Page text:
The truth of the matter is that English and Literature teachers have trumpeted this toward students for probably all of eternity, so I apologize if placing such significance in actually looking up the definition of unknown words comes off as common sense. This approach to reading, though, has enabled me to build an archive of so many rich, thoroughly descriptive, and diverse words to consult when I find myself in a bind. Even words that I’ve encountered in textbooks have ended up stored in my continuously expanding virtual word bank. Since we as students, and as humans in general, always seem to be reading something about some aspect or discipline experienced in life, to stumble upon a puzzling word is far from uncommon.
Of course, sifting through a digital folder full of images of words and their respective definitions may not seem nearly as efficient as utilizing the actual operation and feedback of a thesaurus or a quick internet search. The act, though, of slowly and meticulously scanning through my micro-archive not only affords me the repeated viewing of them, and the consequently increased likelihood of recalling them of my own volition, but also enriches the actual process of constructing a poem, with that once elusive word glittering within a stanza like the golden brick that it is.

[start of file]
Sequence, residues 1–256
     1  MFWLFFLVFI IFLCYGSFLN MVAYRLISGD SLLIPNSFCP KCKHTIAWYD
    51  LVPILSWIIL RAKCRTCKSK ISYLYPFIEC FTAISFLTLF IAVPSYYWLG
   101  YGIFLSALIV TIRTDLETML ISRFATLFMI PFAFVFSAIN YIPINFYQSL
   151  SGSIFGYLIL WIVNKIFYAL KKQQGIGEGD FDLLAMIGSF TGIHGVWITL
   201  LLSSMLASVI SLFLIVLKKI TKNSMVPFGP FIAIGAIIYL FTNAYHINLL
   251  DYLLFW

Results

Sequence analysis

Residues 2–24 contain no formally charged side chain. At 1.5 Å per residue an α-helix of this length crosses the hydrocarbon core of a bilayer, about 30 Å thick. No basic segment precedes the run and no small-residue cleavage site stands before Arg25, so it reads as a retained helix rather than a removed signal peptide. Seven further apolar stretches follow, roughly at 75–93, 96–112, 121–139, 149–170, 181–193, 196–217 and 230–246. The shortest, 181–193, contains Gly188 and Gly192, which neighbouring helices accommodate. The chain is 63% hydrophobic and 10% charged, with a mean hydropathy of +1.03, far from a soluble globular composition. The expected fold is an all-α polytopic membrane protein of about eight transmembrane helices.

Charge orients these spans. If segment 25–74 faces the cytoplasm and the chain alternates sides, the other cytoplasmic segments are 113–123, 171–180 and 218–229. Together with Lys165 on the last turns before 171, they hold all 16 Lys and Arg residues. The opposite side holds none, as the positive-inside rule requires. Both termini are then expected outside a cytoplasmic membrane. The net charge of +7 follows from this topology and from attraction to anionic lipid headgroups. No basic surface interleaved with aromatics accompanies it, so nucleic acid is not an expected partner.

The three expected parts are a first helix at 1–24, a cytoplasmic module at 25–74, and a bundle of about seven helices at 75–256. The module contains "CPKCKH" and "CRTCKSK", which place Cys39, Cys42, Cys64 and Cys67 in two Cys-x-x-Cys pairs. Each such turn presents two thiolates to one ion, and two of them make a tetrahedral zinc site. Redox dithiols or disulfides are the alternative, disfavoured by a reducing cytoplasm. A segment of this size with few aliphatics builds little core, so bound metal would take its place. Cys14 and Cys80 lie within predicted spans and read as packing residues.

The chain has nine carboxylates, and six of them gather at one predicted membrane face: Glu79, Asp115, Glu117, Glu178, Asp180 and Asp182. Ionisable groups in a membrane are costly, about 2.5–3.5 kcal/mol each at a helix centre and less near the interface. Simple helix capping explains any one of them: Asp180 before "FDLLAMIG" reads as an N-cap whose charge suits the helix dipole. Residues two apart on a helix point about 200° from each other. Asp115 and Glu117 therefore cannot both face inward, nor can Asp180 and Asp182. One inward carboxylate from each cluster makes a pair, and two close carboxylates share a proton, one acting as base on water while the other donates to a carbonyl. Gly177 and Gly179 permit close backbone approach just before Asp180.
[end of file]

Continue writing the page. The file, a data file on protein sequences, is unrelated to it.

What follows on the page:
Don’t hesitate to inquire when happening upon a word that leaves you at a mental loss. Do not be intimidated by words with visual appearances seem outside the realm of even the slightest possibility. Why not just look it up while your mind is still adhered to it? You’ll use it, maybe not in your current writing, or even your writing years from now, but you will undoubtedly, given the perfect alignment of planets and circumstantial opportunity, use it.